RedPen Editing
Voice: active and passive

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The terms ‘active’ and ‘passive’ describe the voice of the subject of a sentence.

  • The voice is active when the subject acts.
  • The voice is passive if the subject is on the receiving end of some action.

Most information can be expressed either way:

  • ACTIVE: Harry met Sally at the station.
    Harry is the subject. He meets Sally at the station.
  • PASSIVE: Sally was met at the station by Harry.
    Sally is the subject. She is met by Harry at the station.

Does it matter which you use?

This is not a black-and-white situation. One is not always right; the other is not always wrong. Much depends on the purpose of the communication.

  • Passive voice can be long-winded, awkward and vague.
    Active voice usually results in fewer words and greater clarity.
  • Passive voice tends to depersonalise or undermine the authority of a character so an author might use passive voice if that’s the desired effect. Passive voice might also introduce a sense of mystery: the body was found in the library!
    Active voice includes mention of a subject who is the centre of attention, eg the main character of a story. Active voice directly links the character with their actions.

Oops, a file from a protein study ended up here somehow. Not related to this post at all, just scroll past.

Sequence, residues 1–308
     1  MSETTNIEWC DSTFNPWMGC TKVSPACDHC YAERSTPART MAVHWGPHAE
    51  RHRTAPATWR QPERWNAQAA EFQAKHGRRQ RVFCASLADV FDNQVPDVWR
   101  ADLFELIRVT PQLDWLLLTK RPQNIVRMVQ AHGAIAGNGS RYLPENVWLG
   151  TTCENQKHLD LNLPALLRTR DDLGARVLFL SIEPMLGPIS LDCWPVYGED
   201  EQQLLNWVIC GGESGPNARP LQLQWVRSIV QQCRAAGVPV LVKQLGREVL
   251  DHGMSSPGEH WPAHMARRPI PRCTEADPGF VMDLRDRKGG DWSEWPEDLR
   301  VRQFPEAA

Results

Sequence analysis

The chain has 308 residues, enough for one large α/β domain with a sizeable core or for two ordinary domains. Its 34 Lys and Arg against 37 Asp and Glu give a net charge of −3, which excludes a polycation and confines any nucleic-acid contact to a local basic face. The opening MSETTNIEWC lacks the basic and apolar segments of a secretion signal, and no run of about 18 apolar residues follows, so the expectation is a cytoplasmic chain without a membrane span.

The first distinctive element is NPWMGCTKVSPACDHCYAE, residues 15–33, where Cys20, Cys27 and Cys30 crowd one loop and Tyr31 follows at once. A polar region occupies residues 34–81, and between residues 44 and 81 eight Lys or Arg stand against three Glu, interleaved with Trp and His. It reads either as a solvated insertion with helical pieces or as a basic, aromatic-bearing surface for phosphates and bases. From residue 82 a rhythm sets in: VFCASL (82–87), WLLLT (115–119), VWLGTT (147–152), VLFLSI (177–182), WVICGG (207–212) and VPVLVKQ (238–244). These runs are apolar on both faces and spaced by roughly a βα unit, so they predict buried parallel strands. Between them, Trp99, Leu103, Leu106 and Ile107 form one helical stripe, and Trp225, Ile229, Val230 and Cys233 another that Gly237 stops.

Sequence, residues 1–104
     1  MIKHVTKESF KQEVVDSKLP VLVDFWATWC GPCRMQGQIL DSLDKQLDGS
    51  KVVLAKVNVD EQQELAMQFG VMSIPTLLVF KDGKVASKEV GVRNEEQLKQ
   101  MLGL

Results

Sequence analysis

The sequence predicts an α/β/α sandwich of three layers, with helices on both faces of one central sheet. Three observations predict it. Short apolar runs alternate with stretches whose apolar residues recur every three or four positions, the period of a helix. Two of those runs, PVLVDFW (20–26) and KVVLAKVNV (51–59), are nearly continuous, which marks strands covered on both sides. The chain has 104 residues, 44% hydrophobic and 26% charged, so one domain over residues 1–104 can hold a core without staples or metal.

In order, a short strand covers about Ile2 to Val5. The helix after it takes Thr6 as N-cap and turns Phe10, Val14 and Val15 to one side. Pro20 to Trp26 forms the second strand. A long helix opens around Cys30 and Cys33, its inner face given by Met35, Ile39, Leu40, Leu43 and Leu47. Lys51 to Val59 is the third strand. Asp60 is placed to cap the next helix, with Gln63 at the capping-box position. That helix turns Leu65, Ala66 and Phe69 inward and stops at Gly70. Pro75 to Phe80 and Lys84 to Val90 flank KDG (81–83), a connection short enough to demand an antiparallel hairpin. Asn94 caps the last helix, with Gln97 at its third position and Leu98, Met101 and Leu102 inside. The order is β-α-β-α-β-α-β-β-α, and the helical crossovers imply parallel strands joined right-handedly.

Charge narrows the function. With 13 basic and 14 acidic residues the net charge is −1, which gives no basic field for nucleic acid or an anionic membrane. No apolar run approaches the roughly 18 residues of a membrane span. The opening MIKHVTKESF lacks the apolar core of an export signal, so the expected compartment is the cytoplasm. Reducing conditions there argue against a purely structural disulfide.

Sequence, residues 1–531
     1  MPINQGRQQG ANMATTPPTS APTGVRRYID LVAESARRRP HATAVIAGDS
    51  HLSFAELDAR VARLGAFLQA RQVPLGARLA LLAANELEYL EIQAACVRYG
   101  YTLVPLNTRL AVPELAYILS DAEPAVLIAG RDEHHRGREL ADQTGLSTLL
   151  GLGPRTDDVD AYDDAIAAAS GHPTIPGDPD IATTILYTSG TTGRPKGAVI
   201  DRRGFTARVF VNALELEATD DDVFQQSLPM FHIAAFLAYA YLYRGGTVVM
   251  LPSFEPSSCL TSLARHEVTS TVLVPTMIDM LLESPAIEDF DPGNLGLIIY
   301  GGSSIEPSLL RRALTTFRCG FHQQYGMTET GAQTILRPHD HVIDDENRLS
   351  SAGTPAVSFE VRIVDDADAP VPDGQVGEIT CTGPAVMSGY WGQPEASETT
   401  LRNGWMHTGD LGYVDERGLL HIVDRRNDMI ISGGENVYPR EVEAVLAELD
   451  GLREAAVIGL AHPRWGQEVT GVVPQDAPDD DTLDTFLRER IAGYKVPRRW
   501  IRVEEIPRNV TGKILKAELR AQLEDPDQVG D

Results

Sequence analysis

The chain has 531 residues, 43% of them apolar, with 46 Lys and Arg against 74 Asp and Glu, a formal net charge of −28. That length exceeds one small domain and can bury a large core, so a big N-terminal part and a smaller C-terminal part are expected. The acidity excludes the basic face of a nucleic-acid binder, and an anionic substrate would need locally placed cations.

If you are writing a report, it may be better not to mention who has done what, just that something has been done. The focus with passive voice is therefore on the action, not on the subject.

  • After extensive testing, it was discovered that …
    There is no mention of who did the testing – and no recognition of individual contributions.
  • The findings suggest that …
    The sub text to this may be that not everyone agreed, but consensus was reached.
  • A mistake was made. Shots were fired.
    No blame is apportioned!

While passive voice is acceptable in reports where it is assumed the information is objective and fact based, such a writing style could seem overly dull if used for short stories or novel writing.

Health warning

  • Mixing active and passive in a single sentence can result in an unnecessary shift in voice. Be kind to your readers!
  • Using the passive voice, not mentioning the subject, can also result in dangling participles …